I woke up at 10 AM for my Art Class on Tuesday morning, I arrived early so I picked up a copy of the Daily 49er and picked up a cup of coffee. As I began to read, I stumbled on an article entitled “Through the Fired Glass” an editorial about an artist from CSULB named Maccabee Shelley. The Article continued on to describe Shelley’s background in art and his showcased art in the Gotav Gallery at the university entitled “No Redemption Value”.
As I make my way toward class, I pass the Gotav gallery to have a peep at the artwork that I was just reading about. I saw these unique-looking glass statues that looked like coral-reefs, but I didn’t get a close enough look. I got to class and viewed a documentary about spray-painting art around the world. After the documentary, a guest arrived to class and our professor Zucman introduced him as Maccabee Shelley. The artist that I had been reading about just minutes before and had caught a glimpse of his art was now standing in front of me discussing his work.
After class, I returned to the Gotav gallery and had some one-on-one time with “Mac” Shelley to discuss his artwork and the entire process it takes for a piece. He explained that he basically creates a plaster and silicone-like mold with chicken wiring as a structure for the shape of the piece he is attempting to create. He then takes several glass bottles with no redemption value and crushes them and fills the mold with the glass. He then puts the mold with glass in a ceramics oven and the glass melts into the shape of the mold. After the glass and mold are cool enough, he breaks apart the plaster mold and the piece is finished. He then began to tell me about all of the experiments he conducted with the glass pieces, such as the “dripping effect” that some of the pieces had from sections that weren’t yet cooled all the way. He said that the more he tinkered with his art, the more cool effects and visuals he produced.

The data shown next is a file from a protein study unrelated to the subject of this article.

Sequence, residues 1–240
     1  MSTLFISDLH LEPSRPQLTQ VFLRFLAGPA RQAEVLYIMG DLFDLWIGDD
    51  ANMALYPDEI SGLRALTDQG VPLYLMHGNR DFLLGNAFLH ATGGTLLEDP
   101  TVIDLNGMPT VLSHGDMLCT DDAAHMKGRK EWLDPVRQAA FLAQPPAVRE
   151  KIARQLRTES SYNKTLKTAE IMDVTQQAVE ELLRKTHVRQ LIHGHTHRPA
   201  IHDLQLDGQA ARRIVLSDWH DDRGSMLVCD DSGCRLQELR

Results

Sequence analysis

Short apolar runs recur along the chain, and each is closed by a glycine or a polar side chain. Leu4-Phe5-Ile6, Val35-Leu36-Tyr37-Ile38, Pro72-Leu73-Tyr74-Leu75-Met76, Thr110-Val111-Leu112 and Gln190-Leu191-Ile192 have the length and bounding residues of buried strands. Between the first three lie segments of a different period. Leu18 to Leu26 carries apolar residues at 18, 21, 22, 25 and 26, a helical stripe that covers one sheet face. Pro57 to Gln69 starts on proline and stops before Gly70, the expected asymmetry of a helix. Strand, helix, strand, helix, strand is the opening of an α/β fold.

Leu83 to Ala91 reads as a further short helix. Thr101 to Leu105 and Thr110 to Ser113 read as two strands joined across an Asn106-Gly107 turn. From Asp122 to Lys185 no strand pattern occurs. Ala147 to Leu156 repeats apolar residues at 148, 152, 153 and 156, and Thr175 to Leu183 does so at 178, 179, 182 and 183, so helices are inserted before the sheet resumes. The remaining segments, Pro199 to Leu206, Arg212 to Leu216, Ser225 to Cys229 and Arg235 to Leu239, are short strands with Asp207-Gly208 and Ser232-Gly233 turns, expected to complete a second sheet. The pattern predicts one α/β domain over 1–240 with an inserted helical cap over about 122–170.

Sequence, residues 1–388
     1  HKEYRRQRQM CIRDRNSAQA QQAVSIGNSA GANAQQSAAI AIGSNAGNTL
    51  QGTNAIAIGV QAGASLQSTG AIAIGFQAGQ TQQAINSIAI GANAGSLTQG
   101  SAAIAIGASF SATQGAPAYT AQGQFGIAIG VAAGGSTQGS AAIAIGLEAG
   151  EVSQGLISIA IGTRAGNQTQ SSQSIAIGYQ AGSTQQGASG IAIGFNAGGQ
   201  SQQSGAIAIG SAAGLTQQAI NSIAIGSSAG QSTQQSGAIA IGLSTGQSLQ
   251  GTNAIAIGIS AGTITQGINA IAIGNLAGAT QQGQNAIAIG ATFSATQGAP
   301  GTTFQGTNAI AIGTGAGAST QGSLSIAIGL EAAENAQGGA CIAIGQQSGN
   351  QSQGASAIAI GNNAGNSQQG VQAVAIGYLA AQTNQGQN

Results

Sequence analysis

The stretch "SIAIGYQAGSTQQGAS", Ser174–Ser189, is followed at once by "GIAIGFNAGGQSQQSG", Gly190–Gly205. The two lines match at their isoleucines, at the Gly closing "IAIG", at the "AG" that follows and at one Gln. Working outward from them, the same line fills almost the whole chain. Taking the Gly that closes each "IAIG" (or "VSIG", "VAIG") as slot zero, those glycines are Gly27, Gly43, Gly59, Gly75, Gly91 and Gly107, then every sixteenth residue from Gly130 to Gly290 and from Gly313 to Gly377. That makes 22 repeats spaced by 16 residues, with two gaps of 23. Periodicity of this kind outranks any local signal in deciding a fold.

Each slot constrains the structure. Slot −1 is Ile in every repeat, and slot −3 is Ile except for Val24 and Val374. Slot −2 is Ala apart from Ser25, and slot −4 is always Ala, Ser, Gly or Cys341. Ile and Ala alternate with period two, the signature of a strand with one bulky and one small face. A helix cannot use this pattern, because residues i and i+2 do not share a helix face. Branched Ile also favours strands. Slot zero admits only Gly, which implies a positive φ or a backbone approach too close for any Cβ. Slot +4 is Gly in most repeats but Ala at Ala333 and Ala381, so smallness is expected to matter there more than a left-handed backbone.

I asked him several questions beyond the technical processes of his artwork as well. For instance, I wondered why none of his art pieces had names or titles; so I asked him. Shelley himself wondered if names would “add or subtract to the value of [his] pieces”; he explained that if he gave his artworks names, people would be influenced to see what the names suggested. He would rather the observer see what they felt the art meant to them, rather than what the artist sensed. Shelley then began to tell me about his ambitions to go to a good grad school and his hopes that the artwork he was producing now would be recognized and admired. “If you have an idea, go for it! Even if you fuck up, it’s better than not trying the idea in the first place”; No Redemption Value was Maccabee Shelley’s idea.